Psalm 137 is a sad dirge that records the Israelites’ lament in exile. They had been torn from their homes, their infants ripped from their arms; they had watched in horror as those homes were torched and those babies were dashed against stones.
After that horrible trauma, their captors had the audacity to taunt them, asking them to sing a song of Zion. The reader can imagine the captives, shoved and stumbling along, finally allowed to sit when they reach a Babylonian river. There the captors sit back and relax, but the captives sit down and mourn (Psalm 137:1-3, ESV):
By the waters of Babylon,
there we sat down and wept,
when we remembered Zion.
On the willows there
we hung up our lyres.
For there our captors
required of us songs,
and our tormentors, mirth, saying,
“Sing us one of the songs of Zion!”
Forced to sing a song of Zion for their captors, the Israelites determined never to use those desecrated harps again and left them hanging on the branches of the Babylonion willows beside those Babylonian waters.
Israel had been sent into exile as punishment for national sin. The next few verses seem to indicate not only a feeling of national loyalty, but also a renewed awareness that God must be their highest joy (4-6):
How shall we sing the LORD’s song
in a foreign land?
If I forget you, O Jerusalem,
let my right hand forget its skill!
Let my tongue stick to the roof of my mouth,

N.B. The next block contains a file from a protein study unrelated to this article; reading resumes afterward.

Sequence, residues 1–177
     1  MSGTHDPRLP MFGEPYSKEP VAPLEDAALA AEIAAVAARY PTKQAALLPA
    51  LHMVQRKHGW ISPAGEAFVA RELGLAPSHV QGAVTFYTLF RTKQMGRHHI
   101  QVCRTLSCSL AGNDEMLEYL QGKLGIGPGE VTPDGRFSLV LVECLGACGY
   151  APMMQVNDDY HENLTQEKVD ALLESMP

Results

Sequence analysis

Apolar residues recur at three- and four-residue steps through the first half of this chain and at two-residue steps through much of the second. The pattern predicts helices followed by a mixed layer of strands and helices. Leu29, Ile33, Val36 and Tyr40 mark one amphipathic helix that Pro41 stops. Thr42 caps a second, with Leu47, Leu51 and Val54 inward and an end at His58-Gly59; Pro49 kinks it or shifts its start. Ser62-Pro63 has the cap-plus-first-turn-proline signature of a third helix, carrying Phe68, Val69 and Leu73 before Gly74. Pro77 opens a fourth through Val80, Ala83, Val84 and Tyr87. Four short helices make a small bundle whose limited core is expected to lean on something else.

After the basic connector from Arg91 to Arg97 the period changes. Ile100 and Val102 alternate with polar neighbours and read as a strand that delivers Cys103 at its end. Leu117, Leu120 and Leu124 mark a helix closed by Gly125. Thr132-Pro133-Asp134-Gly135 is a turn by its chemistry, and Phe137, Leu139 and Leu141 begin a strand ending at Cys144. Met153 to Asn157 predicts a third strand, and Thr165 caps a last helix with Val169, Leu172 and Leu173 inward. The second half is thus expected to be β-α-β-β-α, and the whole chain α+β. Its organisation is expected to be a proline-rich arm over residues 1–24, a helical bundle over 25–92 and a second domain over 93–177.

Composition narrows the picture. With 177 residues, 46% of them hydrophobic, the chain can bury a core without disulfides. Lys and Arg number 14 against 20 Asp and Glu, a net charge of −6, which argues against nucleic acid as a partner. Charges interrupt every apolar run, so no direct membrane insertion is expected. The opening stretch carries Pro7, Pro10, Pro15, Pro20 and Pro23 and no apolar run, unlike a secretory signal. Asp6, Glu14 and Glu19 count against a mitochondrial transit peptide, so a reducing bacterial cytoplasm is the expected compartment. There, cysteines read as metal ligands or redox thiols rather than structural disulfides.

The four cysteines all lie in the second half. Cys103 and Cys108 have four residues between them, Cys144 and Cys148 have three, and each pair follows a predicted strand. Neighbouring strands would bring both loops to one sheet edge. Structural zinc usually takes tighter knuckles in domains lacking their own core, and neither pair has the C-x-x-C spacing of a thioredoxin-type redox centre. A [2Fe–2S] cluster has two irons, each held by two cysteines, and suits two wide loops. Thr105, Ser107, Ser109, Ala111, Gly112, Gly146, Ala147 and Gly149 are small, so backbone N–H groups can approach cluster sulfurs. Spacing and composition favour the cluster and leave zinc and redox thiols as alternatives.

if I do not remember you,
if I do not set Jerusalem
above my highest joy!
The Psalm concludes with an imprecation against the captors who destroyed the Israelites’ city and children (7-9):
Remember, O LORD, against the Edomites
the day of Jerusalem,
how they said, “Lay it bare, lay it bare,
down to its foundations!”
O daughter of Babylon, doomed to be destroyed,
blessed shall he be who repays you
with what you have done to us!
Blessed shall he be who takes your little ones
and dashes them against the rock!
What can we learn from this imprecatory lament? Certainly we are reminded that sin will be punished. We are also reminded that God must be our chief delight, a concept beautifully conveyed in the first question and answer of the Westminster Shorter Catechism:
Q. 1. What is the chief end of man?
A. Man’s chief end is to glorify God, and to enjoy him forever.
We can also feel empathy with the persecuted church in every age, including our own, which has seen the most martyrs of any time in history. We can know that all the anti-Christian forces that array themselves against the Most High will be surely and thoroughly brought down.
There may be ways that we feel as if we are in exile; that we feel as if our captors have taunted us and demanded a song. Psalm 137 reminds us that Israel’s exile eventually ended and ours will, too.
Although the Israelites were so certain they would never again sing that they left their harps hanging on willow branches, a remnant was restored to their own land. They once again dwelled in Jerusalem; they again sang the songs of Zion.
May God soon restore you from your personal exile. May you dwell again in Jerusalem and sing the songs of Zion!